Risks related to information systems values ​​are analyzed to determine how they will be controlled and managed. As a result of this analysis, not only primary and permanent (inherent) risks are evaluated, but also prolonged or residual risks (configuration and change controls or not using processes, etc.) are examined. Risk analysis is a study in which the values ​​of information systems affected by business processes are thoroughly evaluated.

Creating a risk assessment or risk analysis is a method that examines potential vulnerabilities, threats, and risks to your company’s cardholder environment. Most companies are not sure where to start developing a risk assessment, but the risk assessment is more straightforward than expected.

The risk assessment should address the information system values ​​classification’s appropriateness and whether appropriate controls have been applied. Information systems risk assessment is an essential part of risk management and business continuity and security planning. Risk assessment calculates business process dependencies and affected values ​​in risk formation.

Why Do You Need to PCI Risk Assessment?

PCI DSS expects you to conduct a formal risk assessment, at least annually. A proper risk assessment will include a report that classifies the hazards and identifies remedies for improvement.

Risk management also offers you a systematic approach to monitoring and managing the company’s most critical threats. After the risks are identified, they are graded, and the necessary resources are allocated to reduce these risks.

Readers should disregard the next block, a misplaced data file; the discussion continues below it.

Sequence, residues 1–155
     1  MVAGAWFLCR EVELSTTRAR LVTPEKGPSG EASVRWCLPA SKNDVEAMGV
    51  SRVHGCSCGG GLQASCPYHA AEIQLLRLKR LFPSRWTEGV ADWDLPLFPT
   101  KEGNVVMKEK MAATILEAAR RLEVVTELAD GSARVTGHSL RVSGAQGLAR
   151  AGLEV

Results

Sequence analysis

Risk analysis should not be done solely to meet the PCI DSS requirement. A risk assessment is a systematic method used by organizations to identify risks and vulnerabilities that could adversely affect cardholder data protection, as required by PCI DSS.

Before any organization moves on to PCI Compliance, it must meet formal risk assessment requirements. Risk analysis provides an approach to analyze the current security posture of the environment, address current issues, and identify what might be wrong in the future because risks are dynamic. Those relevant today can be made irrelevant tomorrow.

The PCI risk assessment activity aims to eliminate blind spots and provide clarity through appropriate threat analysis. Based on threat intelligence, the client will be provided with actionable insight that best fits his environment.

How to Define Risk?

Risk is defined and measured using the probability multiplied impact formula. Risk can be defined as the potential to be open to harmful activity. Threats, weaknesses, impacts, and likelihood are components of risk.

Information systems risk is the potential of losing automation systems, networks, or other critical IT resources in a way that adversely affects business processes.